What Belongs in Your Medicine Cabinet?

If we peeked in your medicine cabinet, what would we find? Expired prescriptions? Damp toothbrushes? Find out what belongs in your bathroom, and what doesn't, with this medicine cabinet cheat sheet.

If we snuck a peek, would we find expired prescriptions? Stuff too delicate for all that dampness? Find out what belongs—and what doesn’t—with this medicine cabinet cheat sheet.

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Fragrances tend to have a long shelf life—literally. "Often perfume oil is dissolved in alcohol, so it lasts for a long time, even in a humid environment like a medicine cabinet," explains Philip Hagen, MD, vice chair of the division of preventive medicine at the Mayo Clinic.

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Think about it: You pluck ingrown hairs with the tweezers and cut your toenails with those clippers. Do you really want them resting next to cotton balls and Q-tips?

"It’s best to store each in its own separate plastic receptacle, to prevent the spread of germs and bacteria," advises Dr. Hagen. He recommends washing clippers, tweezers, and scissors with soap and water before and after use, and disinfecting them with alcohol if you puncture the skin or draw blood.

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Surprise—it’s smarter to keep your toothbrush in your medicine cabinet than on your sink top, says Dr. Hagen. Though it’ll take a little longer to dry out, it’ll be less exposed to the germs and other yucky stuff that are circulating in your bathroom air.

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Rx pill bottle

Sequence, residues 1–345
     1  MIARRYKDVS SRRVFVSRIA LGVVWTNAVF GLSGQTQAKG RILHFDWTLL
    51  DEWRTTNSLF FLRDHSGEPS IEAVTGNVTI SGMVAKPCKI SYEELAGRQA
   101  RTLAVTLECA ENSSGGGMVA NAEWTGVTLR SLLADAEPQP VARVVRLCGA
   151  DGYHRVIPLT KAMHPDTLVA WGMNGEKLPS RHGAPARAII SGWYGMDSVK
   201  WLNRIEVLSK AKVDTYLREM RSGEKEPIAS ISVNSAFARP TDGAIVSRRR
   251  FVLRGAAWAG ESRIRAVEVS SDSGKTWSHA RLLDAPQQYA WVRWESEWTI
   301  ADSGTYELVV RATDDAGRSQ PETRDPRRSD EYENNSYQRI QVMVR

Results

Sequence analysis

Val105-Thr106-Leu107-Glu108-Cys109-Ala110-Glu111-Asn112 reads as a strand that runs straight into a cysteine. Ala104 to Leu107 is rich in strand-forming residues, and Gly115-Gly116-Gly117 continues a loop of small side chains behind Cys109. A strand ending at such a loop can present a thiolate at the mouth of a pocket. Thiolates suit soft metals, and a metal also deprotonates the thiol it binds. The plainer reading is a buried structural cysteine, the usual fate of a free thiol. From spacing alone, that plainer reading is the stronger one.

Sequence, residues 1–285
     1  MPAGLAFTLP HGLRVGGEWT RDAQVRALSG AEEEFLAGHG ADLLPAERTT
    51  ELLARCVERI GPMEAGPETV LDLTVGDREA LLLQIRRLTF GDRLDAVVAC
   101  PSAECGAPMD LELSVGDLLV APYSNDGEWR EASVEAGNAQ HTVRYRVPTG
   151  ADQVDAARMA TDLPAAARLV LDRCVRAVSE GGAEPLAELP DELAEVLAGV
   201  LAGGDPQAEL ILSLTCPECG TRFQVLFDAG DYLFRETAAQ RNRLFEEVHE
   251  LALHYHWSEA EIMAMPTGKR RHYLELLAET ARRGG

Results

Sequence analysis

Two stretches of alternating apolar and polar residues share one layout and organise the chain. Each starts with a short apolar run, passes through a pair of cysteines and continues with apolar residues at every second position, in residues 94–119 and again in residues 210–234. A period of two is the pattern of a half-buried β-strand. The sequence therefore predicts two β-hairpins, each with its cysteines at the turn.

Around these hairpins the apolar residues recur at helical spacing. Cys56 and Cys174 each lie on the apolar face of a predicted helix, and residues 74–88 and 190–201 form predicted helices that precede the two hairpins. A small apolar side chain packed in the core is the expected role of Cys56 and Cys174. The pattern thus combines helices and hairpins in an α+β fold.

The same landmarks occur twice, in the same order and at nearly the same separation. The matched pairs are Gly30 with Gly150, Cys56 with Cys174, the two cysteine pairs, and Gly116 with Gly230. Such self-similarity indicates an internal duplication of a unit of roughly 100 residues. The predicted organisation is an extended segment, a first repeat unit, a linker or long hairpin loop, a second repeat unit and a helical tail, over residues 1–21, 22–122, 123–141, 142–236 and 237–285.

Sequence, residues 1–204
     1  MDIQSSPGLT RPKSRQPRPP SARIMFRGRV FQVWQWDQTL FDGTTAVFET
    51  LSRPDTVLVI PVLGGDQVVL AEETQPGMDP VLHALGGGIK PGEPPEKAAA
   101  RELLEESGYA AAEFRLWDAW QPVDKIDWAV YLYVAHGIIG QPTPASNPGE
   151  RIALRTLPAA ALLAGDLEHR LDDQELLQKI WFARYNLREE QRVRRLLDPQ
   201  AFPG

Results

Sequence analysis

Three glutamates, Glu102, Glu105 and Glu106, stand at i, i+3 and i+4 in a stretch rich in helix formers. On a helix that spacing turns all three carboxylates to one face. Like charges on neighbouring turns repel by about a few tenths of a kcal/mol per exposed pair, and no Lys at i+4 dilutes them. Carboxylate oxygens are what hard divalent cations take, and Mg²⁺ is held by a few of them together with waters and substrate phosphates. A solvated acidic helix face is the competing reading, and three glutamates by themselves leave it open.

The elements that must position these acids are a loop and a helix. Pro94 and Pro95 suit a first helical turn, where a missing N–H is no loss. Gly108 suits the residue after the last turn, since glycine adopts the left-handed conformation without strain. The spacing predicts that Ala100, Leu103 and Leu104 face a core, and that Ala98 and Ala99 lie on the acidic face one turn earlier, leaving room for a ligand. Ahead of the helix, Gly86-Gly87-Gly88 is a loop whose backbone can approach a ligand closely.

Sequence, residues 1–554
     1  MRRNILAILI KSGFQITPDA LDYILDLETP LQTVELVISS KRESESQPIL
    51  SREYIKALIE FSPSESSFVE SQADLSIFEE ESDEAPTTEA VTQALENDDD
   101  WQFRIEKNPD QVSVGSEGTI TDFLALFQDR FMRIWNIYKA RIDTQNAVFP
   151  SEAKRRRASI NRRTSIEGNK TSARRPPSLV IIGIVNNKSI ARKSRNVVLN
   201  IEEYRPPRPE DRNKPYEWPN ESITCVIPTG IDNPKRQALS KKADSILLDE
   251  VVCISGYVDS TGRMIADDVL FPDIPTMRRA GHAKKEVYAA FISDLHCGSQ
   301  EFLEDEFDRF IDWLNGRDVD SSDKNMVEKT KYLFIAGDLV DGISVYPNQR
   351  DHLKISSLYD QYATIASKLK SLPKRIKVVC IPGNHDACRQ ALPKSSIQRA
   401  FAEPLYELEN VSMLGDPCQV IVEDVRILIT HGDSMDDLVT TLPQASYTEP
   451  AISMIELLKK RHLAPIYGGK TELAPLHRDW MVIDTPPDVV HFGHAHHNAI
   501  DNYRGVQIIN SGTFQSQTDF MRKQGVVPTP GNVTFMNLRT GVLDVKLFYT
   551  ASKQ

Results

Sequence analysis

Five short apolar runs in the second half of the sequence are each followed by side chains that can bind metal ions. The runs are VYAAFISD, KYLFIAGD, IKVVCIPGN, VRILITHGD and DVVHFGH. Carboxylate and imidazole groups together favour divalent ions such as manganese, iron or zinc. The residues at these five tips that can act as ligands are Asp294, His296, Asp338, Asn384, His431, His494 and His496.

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Oh, the irony: Medicine—both the Rx and OTC kinds—should not be stored in the medicine cabinet.

"It’s the worst place to keep pills because of the heat and humidity, which can speed up deterioration and make drugs less effective," explains Joe Graedon, MS, a pharmacologist and co-author of Top Screwups Doctors Make and How to Avoid Them.

Stash your drugs in a cool, dry spot out of reach of children.

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Face cream

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There’s no harm in stashing your lotions and potions—even prescription ones—in here. As long as the lids are on tight, "topical products are pretty sturdy," says Neal Shultz, MD, a New York City–based dermatologist. You don’t even have to worry much about expiration dates.

"If there’s any change in color, consistency, or scent, then you know it’s gone bad," Dr. Shultz explains. Otherwise, keep on using it!

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Birth control

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Deterioration is not a big concern with birth control because it usually comes in a blister pack, which keeps it safe from the heat and humidity, according to Graedon. Also, prescriptions you use regularly (like the Pill) don’t have as big of a risk as other meds because you finish them before they start to break down.

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